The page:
Genesis tells us that when they were in the Garden around evening--we may assume in their tree--they heard the Lord walking and "hid themselves in the trees" because they were "naked" even though they had already "sewn" some garments of fig leaves.

Now this is revealing: They already had clothed themselves, yet they hid "in the trees" because they were so "naked"? Here is where the alternate meaning makes far more sense: Clever.

They think they can hide from God now that they have become 'wise' by eating the Fruit of Knowledge. God says, "Who told you you were naked/clever?" The serpent/nagash had told them they were wise as gods now, of course. God is making a joke out of this attempt to hide in the trees.

In order to keep His word and deny them the Tree of Life, they must be banished from the Garden, lest they eat of it and live forever.

But notice that reference to them sewing garments of fig leaves. It indicates they knew how to sew, and that they did this while near or in a fig tree. It is possible the fig tree's branches were so close they could grab leaves off it from their perch in a chestnut tree. Or they may have moved from Adam's bachelor fig into a tree-cottage built for two, using a sturdier fig tree.

Women have a nest-building instinct to decorate a home. It would surely be strange if Eve did nothing at all to decorate their first home in the trees. But what might she have made for this tree-house?

Eve's Canaopy of Love

It is not only clear that they knew the rudiments of sewing, but that it was a tree-home they lived in. What would be the first thing a woman in a tree house would want? A roof.

The very same ancient writings that tell us about Eve being taught to sew by the angels also tell us how these same angels became filled with lust from watching Eve and her daughters, who would be in her image and likeness, twins identical to her, if the DNA of Eve had been cloned from Adam.

In other words, the angels lusted to have sex with women like Eve. Later in Genesis 6, we are told seduction of her daughters began "as soon as" daughters were born unto them. This indicates that the very first women were being assaulted by the angels. These angels--or 'Watchers' as they were also called--were able to look down from above on the tree houses, much as King David could look and see Bathsheba on her roof bathing.

We can see in this story a motive to make coverings to keep out the prying eyes of the Watchers: Canopies.

Eve's canopy was probably inspired the first time she looked up and saw a Watcher while she was making love to Adam. We can imagine her words:

"One of them is watching us!"

"Just ignore him."

"I can't. He's looking right at me!

Do something!"

"Oh, Eve, can't it wait?"

We can surmise that when Adam failed to stop and make some sort of roof right away, Eve pushed him aside and started weaving her canopy. Weaving women have been making men nervous ever since. (cf A Tale of Two Cities)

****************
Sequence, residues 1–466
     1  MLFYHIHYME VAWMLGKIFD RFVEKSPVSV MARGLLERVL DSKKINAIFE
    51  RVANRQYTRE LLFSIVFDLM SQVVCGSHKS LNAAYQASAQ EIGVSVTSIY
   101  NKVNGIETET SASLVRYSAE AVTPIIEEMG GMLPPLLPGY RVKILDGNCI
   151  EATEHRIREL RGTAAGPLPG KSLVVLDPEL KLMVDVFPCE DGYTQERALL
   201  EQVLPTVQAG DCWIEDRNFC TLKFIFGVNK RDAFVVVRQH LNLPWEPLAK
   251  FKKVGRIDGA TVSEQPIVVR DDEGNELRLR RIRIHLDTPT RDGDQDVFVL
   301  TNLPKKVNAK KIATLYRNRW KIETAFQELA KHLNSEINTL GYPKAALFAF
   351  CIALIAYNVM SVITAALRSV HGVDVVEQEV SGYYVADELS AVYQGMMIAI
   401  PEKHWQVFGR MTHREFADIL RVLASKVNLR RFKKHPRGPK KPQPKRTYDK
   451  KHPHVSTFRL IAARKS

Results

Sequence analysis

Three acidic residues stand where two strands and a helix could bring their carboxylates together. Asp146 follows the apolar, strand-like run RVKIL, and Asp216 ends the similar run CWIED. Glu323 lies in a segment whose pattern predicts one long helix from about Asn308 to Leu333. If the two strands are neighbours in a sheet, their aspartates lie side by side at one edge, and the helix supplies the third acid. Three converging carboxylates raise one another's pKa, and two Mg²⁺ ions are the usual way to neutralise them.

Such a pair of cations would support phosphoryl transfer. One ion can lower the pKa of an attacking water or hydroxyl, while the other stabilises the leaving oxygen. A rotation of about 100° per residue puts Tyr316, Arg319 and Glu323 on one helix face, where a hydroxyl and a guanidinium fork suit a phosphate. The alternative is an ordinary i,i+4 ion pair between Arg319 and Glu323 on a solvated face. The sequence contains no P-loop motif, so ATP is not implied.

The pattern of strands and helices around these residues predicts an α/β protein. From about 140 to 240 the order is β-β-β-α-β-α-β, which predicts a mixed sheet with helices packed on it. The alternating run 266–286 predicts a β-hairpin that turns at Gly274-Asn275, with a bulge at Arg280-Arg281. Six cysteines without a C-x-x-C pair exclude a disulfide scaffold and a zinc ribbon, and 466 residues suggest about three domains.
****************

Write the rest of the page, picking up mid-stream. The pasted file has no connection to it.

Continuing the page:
The common fabric of choice for the making of all-weather canopies in the ancient world was linen. Tents were made of linen, as were the sails of ships. So were table-cloths and shrouds... They were treated by applying tree-sap to form water-proof resin on the fabric. St. Paul worked in the tent-making trade.

We may assume Eve would have wanted privacy for many reasons. Weaving a canopy of linen to serve as covering for their tree-house would have been the natural first decoration by Eve.

Today we see this traditional canopy in every Jewish wedding, held or upon posts, as the rabbi gives the blessing. It is significant that one tradition of this canopy, or "chuppah," is that it shielded the couple from the gaze of "the evil eye" of demons, which hearkens back to the idea that Eve may have woven the canopy for the same reason, to keep fallen angels from watching her. These canopies were originally used in outdoor weddings, and were often supported by trees. The fabric appears to have been tent linen treated with tree sap.

Canopies are found on romantic canopy beds of bed & breakfasts, where so many honeymoons, anniversaries, and various other kinds of rendezvous are celebrated.

Ancient canopies evolved to become tents or tabernacles -- most importantly the linen covering of the Tabernacle of Israel, where God symbolically was married to the tribes in Sinai, after a ceremony at the Mount conducted by Moses and Aaron, the Priest, covered by a great, dark canopy of cloud.

Today couples often marry outdoors, with a great tent canopy for guests. We also see the canopy of Eve covering the Great High Altar in St. Peter's in Rome, supported by serpentine pillars, reminiscent of the Garden of Eden.

***

We have much more to say about this canopy and the tree-houses of ancient time. It will be detailed in our new book, Paradise Found. You can place an order for it at significant savings if you act before publication, using the printable Order Form. Thank you!